Graduate School

Graduate School

Grabbing the Female Commons: Large‐Scale Land Acquisitions for forest plantations and impacts on gender relations in Kilolo district, Iringa Region, Tanzania

Project lead

lic phil. Désirée Gmür


Even though much has been written on the impacts of large-scale land acquisitions (LSLA) in Tanzania (Locher and Sulle 2013, 2014) and Africa in general (Cotula et al. 2009, Toulmin 2008), there is a notorious blindness regarding the impact on the commons and issues of resilience[1] regarding gender relations (see also Doss et al.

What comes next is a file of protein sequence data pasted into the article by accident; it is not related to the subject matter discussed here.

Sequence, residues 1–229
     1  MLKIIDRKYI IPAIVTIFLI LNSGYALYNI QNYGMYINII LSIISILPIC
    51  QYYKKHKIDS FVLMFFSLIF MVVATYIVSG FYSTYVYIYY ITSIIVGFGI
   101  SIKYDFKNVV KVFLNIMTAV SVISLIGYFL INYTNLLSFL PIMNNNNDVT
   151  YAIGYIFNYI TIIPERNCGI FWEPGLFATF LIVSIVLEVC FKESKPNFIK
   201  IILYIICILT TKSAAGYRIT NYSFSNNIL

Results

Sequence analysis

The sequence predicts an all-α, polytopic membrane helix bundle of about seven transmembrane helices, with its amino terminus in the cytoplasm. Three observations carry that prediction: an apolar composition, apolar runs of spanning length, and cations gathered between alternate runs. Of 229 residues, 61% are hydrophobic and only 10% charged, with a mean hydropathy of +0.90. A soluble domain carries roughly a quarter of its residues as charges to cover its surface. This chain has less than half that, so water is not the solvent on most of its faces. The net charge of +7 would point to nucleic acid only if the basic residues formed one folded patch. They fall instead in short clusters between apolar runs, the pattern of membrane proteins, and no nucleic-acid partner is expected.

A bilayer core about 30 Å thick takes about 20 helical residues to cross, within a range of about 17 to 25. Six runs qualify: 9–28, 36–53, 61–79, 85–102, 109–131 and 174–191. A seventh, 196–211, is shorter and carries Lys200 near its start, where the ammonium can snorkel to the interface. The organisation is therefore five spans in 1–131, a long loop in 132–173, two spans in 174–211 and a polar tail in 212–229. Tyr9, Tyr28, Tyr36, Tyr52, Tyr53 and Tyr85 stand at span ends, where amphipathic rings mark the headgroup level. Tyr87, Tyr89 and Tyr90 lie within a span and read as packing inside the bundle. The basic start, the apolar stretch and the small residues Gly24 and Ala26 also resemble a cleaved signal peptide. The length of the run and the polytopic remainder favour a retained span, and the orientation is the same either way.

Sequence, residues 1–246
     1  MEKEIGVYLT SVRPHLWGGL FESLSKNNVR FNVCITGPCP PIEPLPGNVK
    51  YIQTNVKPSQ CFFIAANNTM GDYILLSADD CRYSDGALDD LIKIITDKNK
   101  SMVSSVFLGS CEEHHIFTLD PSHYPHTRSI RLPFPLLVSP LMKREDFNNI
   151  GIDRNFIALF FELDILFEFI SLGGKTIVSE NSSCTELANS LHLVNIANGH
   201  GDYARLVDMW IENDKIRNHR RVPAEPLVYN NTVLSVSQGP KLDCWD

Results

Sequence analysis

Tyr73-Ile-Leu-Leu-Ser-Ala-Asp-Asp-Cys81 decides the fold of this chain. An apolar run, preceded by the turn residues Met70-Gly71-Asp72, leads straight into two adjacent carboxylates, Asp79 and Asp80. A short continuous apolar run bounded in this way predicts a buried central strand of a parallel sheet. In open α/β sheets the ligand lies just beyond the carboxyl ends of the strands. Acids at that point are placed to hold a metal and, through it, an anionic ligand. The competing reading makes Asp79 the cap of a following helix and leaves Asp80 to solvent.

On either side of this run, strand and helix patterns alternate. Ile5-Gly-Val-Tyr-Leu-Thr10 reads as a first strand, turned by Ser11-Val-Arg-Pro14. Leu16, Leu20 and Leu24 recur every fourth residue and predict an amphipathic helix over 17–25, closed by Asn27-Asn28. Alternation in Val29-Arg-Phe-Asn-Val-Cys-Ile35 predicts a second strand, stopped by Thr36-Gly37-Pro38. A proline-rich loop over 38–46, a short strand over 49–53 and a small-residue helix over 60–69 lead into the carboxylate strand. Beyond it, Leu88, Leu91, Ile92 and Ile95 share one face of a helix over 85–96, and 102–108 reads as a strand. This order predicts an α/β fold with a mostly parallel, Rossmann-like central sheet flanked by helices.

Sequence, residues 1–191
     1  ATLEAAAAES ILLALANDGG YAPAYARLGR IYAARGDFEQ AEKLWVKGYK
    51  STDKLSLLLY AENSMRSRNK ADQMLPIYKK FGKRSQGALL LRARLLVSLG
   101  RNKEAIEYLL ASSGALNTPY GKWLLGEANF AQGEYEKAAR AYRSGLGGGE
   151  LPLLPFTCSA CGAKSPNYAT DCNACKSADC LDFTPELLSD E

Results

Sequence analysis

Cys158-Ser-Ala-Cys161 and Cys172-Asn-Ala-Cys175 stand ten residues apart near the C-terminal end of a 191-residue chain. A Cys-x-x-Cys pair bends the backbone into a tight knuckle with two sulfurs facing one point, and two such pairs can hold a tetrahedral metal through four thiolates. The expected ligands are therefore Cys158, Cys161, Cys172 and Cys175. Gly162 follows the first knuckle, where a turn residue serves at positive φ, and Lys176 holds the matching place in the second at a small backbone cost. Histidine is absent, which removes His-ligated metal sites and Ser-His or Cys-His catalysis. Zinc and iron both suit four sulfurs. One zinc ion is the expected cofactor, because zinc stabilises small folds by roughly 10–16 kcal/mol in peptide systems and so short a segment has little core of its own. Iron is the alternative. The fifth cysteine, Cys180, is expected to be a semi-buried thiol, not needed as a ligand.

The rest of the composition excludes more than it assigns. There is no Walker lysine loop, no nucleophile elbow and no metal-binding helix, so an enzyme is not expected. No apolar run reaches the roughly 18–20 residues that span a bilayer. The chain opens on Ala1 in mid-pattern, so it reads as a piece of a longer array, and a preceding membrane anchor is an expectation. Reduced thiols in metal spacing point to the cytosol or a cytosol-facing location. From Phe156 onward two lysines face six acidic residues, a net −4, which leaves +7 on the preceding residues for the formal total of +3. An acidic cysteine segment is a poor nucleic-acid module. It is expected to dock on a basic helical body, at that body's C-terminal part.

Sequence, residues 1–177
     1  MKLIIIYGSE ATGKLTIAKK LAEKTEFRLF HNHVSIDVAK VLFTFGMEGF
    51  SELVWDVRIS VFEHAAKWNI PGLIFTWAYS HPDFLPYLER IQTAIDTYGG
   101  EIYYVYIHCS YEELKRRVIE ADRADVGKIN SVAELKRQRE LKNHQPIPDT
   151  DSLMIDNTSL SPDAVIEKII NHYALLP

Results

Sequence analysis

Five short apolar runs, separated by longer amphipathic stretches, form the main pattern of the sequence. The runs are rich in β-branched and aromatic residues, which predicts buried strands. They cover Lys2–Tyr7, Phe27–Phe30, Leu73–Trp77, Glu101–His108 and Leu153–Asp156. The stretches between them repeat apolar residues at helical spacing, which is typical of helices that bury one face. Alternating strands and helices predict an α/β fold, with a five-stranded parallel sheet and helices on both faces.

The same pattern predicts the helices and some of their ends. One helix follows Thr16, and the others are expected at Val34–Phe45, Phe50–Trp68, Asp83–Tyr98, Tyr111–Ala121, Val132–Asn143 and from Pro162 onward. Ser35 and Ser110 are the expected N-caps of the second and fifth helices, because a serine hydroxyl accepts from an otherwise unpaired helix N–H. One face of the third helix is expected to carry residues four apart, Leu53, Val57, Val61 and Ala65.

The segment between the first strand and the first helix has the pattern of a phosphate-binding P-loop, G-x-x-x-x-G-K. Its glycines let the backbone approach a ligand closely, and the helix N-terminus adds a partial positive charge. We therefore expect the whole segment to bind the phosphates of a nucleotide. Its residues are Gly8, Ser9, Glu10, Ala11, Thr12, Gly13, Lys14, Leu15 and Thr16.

2014). Specifically, long-term social anthropological research on the gendered impacts of LSLAs is lacking. Scant literature deals with the broader institutional changes in gender relations due to LSLA and the strategies women adopt to cope with these changes. In this thesis, I discuss data from my research on large scale land acquisitions for forest plantations made by the British-based investor New Forests Company (NFC) in the Kilolo district of the Iringa region. The thesis focuses on the impacts of the ways in which large scale land acquisitions consolidate commonly owned land (i.e. create commons enclosures) that affects women’s resilience differently than men. In particular, women’s ability to fulfill their care work is hampered as they lose access to land and related common pool resources (e.g, fruit trees, grasses, agricultural land) for which mostly only men are compensated. I argue that the commons enclosure through LSLA mainly has negative impacts on women, involving increased workloads. It also increases wives’ dependency on their husbands because land and related resources like fruit trees, previously an important source of cash controlled by women, have decreased or are no longer available and land is mostly controlled by elderly men. I further argue that resilience –in terms of food security–[2] is therefore negatively impacted, creating an imbalance between gender and generation based on this power relation.